It was the experience of going into the cave with a question that leads the man to the next step – to the next question or to the answer he sought. Without going into the “cave of answers” seeking one, the question might never have been asked, the experience never had, the progress never made.
To end, I have heard it said before that “the answer is the question”. Perhaps the lesson that I learned from this thought exercise tonight is, to not ask the question – to not, in fact, live the question by entering the cave and seeking the answer – to not, in fact, have the experience – is not to live at all.
Better that we should ask the question and seek the answer by living the experience. We must take care not to enter the cave and never be heard from again. Better that we should enter the cave with care with our question than to persist with the question unanswered in our heads for eternity. No question that enters the “cave of answers” ever goes unanswered. Remember – even the lack of a specific answer is a kind of answer too.
Our head is like that cave – we fill it with questions, and the answers are in there somewhere. Sometimes we need to look inwards to find the answer. Sometimes, we can’t answer our own questions directly – so we keep looking and keep living.
Free association and open-mindedness are truly gifts, and pretty fun!
This morning’s personal revelation (perhaps not novel to the reader, but certainly to the author): intelligence is adaptability.
Human adaptability – the ability to consciously (and unconsciously) change and adapt in relation to external and internal stimuli. In other words, our ability to change in response to the world, our ability to be changed by the world, and our ability to change the world.
This idea is an extension to the famous quote by George Bernard Shaw from 1903: “The reasonable man adapts himself to the world; the unreasonable one persists in trying to adapt the world to himself. Therefore all progress depends on the unreasonable man”. I’d extend – progress depends on us, and we are all a little unreasonable, and we all adapt in different degrees.
When I considered who, as a society, we praise as a true genius or an intelligent person, we think of (in no particular order) great scientists, philosophers, artists, leaders, and even family, friends, loved ones… people who we respect for their accomplishments and/or possibly their relative importance to us.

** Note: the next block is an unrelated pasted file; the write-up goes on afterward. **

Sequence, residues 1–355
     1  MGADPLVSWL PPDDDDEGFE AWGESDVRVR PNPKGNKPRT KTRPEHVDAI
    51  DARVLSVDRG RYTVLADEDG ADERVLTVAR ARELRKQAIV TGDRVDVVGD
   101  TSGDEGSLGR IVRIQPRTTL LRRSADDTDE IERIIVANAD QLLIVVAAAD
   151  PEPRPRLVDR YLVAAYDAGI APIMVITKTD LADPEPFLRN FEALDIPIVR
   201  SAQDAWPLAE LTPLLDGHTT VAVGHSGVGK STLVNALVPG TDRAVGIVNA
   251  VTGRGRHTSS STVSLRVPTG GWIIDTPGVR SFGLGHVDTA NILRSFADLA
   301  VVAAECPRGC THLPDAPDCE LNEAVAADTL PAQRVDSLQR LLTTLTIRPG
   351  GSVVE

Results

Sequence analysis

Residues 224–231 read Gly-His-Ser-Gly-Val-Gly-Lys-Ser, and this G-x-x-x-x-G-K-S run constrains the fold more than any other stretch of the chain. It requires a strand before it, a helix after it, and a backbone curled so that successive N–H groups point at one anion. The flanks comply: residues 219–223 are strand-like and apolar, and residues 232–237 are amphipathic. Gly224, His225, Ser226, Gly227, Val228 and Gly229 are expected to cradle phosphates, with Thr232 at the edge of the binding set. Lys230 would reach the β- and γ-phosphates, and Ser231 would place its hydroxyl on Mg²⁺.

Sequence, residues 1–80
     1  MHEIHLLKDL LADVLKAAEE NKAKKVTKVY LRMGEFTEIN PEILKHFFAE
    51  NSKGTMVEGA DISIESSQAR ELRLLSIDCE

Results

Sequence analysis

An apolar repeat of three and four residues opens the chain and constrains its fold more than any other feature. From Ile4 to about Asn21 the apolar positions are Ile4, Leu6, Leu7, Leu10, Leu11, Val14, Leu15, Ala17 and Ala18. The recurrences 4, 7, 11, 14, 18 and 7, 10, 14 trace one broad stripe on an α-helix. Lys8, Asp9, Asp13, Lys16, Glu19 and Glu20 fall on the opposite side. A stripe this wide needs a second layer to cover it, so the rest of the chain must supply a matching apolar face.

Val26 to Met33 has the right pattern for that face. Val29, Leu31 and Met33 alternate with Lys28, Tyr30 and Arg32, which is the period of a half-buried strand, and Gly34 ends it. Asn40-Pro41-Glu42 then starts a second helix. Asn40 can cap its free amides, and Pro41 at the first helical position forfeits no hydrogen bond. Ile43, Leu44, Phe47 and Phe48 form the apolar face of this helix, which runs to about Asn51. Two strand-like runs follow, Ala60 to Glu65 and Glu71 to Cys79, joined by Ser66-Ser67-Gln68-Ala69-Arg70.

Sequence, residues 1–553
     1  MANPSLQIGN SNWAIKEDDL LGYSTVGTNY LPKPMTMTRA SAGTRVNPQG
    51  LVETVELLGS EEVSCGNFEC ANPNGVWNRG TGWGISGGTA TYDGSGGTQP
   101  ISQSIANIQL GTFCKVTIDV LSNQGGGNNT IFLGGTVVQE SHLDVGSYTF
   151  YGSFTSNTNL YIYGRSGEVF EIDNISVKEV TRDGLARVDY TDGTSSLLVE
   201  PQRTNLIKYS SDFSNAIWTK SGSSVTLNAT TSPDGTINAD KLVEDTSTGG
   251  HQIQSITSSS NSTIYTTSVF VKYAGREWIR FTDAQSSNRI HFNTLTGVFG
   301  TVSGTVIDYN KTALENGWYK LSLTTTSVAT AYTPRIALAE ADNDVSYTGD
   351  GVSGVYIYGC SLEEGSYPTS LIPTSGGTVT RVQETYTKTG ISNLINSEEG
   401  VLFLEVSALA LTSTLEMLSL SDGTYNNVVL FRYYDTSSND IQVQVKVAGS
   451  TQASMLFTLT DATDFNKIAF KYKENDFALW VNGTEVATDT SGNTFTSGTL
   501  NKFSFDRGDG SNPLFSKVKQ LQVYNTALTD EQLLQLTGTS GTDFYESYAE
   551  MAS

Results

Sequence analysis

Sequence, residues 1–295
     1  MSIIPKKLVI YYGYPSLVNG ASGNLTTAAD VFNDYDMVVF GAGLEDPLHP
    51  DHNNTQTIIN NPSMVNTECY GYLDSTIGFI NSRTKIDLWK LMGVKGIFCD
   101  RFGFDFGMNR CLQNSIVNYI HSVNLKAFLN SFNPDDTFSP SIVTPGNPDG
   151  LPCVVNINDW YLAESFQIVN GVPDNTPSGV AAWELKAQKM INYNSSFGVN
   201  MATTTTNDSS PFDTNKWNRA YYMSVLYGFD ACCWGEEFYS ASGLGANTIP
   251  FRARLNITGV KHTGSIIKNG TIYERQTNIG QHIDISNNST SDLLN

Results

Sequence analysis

And the one thing I see in common with all those people who came to my mind, when I tried to imagine who exactly those people were, is that each of them in one way or another somehow adapted something in some meaningful and important way that affected my thinking, and possibly my life.
I have so much more to say on this topic, and I hope to have more time to explore it later. It just felt to me that this idea was worth sharing immediately, to be recorded (again) in this written “history” called the Internet. Every time I have pondered what it meant to be truly adaptable, I have felt like I entered an entirely new plane of understanding.
For future thinking, then, I leave this – if true intelligence is adaptability, what is the relationship between intelligence and evolution? And, what types of self-chosen, productive tasks, experiences or learning can be done which would hone and challenge our adaptability, beyond the experience of simply living life itself?
And what about those who do not adapt or refuse to adapt, are they not also intelligent? Of course they are. As odd as it sounds, it makes sense – not adapting, ignoring adaptation, or refusing to adapt in itself is still a form of adaptability. We adapt without even realizing we do it. But maybe, just maybe, we can reach a higher plane the more we practice adapting.
Perhaps recognizing the value of adaptability is just part of self-actualization, but I’m not sure.